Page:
Both chapters were excellent representations of their respective positions, though I slightly preferred Moo’s. He chose his three-pronged argument well and stuck closely to it. It was very easy to follow and nothing felt insignificant to his thesis. I found myself nodding in agreement far more often with Moo than Chamblin, though that wasn’t necessarily surprising since I fundamentally agree with Moo’s position. I don’t have much to say since this chapter was very good and didn’t really raise any flags for me.

I do wish that Moo had gone a little further in explaining difficult texts for his position and the practical questions on what his position means for holiness. He acknowledged that both of these questions were not treated with as much detail as he would have liked, though they were addressed somewhat. Both Moo and Chamblin seemed surprisingly hesitant to explain how their views actually play out. The law is a tricky subject and I found it interesting that both proponents were quite wary and almost uncertain of taking that next step to teasing out the implications of their views.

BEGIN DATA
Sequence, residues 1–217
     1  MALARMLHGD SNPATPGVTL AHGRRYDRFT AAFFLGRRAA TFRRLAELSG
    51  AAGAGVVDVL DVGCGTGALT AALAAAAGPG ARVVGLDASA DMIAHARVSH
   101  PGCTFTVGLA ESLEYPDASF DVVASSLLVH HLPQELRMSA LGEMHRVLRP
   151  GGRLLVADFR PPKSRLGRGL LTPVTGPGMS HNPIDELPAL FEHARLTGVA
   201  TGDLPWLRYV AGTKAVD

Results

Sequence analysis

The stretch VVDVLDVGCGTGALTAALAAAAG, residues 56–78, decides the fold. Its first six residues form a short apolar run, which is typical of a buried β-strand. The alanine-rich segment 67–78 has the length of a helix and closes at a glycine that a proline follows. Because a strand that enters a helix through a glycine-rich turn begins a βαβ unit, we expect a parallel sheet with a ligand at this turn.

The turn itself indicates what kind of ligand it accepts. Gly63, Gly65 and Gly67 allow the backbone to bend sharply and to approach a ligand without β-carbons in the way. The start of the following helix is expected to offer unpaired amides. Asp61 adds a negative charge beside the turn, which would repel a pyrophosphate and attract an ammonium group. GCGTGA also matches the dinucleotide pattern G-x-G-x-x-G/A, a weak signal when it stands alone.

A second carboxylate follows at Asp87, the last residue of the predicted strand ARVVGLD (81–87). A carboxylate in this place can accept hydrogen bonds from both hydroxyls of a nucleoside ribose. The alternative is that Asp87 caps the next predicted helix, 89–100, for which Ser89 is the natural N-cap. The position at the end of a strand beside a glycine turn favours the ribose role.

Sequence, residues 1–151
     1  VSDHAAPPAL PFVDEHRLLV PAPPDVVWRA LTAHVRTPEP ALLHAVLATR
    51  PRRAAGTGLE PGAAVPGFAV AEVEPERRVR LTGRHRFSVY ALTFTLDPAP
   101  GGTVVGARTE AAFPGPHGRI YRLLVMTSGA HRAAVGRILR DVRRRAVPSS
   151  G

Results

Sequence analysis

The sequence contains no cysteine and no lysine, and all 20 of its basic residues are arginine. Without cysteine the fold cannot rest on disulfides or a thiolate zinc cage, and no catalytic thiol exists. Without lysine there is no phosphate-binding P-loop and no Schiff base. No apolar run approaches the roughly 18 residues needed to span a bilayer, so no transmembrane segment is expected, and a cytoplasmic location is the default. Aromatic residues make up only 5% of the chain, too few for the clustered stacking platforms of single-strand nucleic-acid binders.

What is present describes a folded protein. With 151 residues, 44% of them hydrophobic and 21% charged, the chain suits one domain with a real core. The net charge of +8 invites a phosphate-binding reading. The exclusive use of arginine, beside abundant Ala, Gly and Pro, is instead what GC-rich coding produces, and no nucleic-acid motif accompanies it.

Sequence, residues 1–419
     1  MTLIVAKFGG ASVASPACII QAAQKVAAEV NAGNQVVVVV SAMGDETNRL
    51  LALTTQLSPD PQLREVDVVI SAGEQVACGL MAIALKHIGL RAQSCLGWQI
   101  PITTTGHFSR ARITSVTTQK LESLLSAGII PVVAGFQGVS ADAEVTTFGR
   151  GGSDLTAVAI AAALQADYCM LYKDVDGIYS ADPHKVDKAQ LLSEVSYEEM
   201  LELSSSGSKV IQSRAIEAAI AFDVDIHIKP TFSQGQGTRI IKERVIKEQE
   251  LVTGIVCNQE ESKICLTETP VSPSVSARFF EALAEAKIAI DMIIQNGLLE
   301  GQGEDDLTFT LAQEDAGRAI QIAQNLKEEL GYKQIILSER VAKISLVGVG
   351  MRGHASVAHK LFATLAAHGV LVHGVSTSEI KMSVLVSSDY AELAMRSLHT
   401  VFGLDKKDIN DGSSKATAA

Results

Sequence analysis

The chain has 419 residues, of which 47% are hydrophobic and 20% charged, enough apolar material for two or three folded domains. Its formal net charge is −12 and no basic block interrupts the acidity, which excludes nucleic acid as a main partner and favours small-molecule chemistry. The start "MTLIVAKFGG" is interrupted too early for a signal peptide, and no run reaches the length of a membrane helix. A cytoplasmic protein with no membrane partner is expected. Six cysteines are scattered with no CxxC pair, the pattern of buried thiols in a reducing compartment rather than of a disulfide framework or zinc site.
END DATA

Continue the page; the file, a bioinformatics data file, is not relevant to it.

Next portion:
Lastly, as with all the chapters in this book, it’s growing increasingly frustrating to have all the notes at the end of the book. It requires ignoring them entirely or having a finger in the back the whole time. Footnotes would have been a far better choice; considering this is such an academic book with plenty of notes, I don’t understand why Crossway opted against footnotes.

Anyhow! Moving on…

Comments are encouraged! I’d love to hear any feedback or thoughts.

Next up Israel and the Church